The combat of Barquilla of 10 July 1810 was one of the few failures for General Craufurd and the Light Division during Marshal Masséne’s invasion of Portugal. Since the start of 1810 Craufurd had been watching the French along the line of the Agueda River. During the French siege of Ciudad Rodrigo (5 June-10 July 1810) he had been pushed back to Fort Concepcion, close to Almeida, but was still keeping an active watch on the French.
On 10 July Craufurd decided to attack some of the French foragers who were attempting to find food between the Azava and Dos Casas Rivers. Taking six squadrons of cavalry, six companies from the Rifles and the 43rd Foot, one battalion of Portuguese light infantry (the Caçadores) and two guns, he soon found a small party of French troops close to the village of Barquilla.
This French force was very badly outnumbered, and consisted of two troops of cavalry and 200 men from the 22nd Regiment of Junot’s corps. As the British approached, the French began to retreat back towards their main lines. Craufurd ordered one squadron from the German Hussars and one from the 16th to attack the retreating French infantry.
The French responded by forming a small square. As nearly always happened, the cavalry were unable to break into this square, despite its small size. The first two squadrons failed to even attack the square, instead charging around its sides before heading off the chase the French cavalry. Craufurd then sent a squadron from the 14th Light Dragoons to attack the French square. This time the British cavalry closed with the French, but were repulsed by close-range musket fire. The colonel of the 14th and seven of his men were killed. Before Craufurd could bring up his next squadron, the French managed to escape into the next village. By now the first two cavalry squadrons were returning from their charge, and it is said that the British mistakenly believed them to be French cavalry.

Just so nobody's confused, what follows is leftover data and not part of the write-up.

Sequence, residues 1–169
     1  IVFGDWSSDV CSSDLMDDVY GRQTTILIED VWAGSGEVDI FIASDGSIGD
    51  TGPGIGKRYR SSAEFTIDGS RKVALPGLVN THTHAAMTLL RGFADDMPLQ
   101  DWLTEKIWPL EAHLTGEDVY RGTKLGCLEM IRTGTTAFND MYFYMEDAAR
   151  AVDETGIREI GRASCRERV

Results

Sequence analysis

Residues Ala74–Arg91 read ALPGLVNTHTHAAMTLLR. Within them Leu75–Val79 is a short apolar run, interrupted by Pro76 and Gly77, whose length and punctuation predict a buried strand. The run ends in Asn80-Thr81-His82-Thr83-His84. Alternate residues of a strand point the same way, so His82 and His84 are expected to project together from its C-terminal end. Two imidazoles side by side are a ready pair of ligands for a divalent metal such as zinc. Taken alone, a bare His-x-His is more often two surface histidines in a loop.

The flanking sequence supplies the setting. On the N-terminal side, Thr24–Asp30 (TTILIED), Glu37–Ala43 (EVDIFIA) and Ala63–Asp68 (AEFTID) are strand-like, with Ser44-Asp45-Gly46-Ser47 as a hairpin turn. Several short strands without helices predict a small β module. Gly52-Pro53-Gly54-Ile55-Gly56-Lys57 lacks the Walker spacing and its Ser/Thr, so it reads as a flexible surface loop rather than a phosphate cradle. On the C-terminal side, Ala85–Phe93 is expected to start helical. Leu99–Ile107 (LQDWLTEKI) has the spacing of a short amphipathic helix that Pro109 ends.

Although Craufurd’s men took 31 prisoners, they lost nine dead and twenty three wounded. Craufurd was much criticized for failing to bring his infantry up in time, and for allowing a smaller French force to escape from him, while the commander of the French square (Captain Gouache) was promoted and decorated for his skilful handling of affair.
|A History of the Peninsular War vol.3: September 1809-December 1810 - Ocana, Cadiz, Bussaco, Torres Vedras, Sir Charles Oman. Part three of Oman's classic history begins with the series of disasters that befell the Spanish in the autumn of 1809 and spring of 1810, starting with the crushing defeat at Ocana and ending with the French conquest of Andalusia and capture of Seville, then moves on to look at the third French invasion of Portugal, most famous for Wellington's defence of the Lines of Torres Vedras.|
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